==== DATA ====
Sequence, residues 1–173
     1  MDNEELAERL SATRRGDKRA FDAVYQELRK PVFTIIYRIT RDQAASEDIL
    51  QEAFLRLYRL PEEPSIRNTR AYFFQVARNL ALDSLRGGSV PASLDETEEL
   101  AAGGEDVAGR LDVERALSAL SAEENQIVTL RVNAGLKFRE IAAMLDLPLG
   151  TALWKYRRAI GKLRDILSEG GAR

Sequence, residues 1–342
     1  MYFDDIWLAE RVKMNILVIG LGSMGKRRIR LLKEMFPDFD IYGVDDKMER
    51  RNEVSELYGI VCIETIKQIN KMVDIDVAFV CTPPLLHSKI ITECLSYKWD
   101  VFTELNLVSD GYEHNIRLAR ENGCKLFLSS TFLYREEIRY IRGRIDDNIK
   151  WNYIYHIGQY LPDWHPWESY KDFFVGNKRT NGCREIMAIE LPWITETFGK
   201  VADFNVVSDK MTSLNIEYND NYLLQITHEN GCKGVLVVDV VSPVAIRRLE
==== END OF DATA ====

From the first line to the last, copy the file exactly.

Sequence, residues 1–173
     1  MDNEELAERL SATRRGDKRA FDAVYQELRK PVFTIIYRIT RDQAASEDIL
    51  QEAFLRLYRL PEEPSIRNTR AYFFQVARNL ALDSLRGGSV PASLDETEEL
   101  AAGGEDVAGR LDVERALSAL SAEENQIVTL RVNAGLKFRE IAAMLDLPLG
   151  TALWKYRRAI GKLRDILSEG GAR

Sequence, residues 1–342
     1  MYFDDIWLAE RVKMNILVIG LGSMGKRRIR LLKEMFPDFD IYGVDDKMER
    51  RNEVSELYGI VCIETIKQIN KMVDIDVAFV CTPPLLHSKI ITECLSYKWD
   101  VFTELNLVSD GYEHNIRLAR ENGCKLFLSS TFLYREEIRY IRGRIDDNIK
   151  WNYIYHIGQY LPDWHPWESY KDFFVGNKRT NGCREIMAIE LPWITETFGK
   201  VADFNVVSDK MTSLNIEYND NYLLQITHEN GCKGVLVVDV VSPVAIRRLE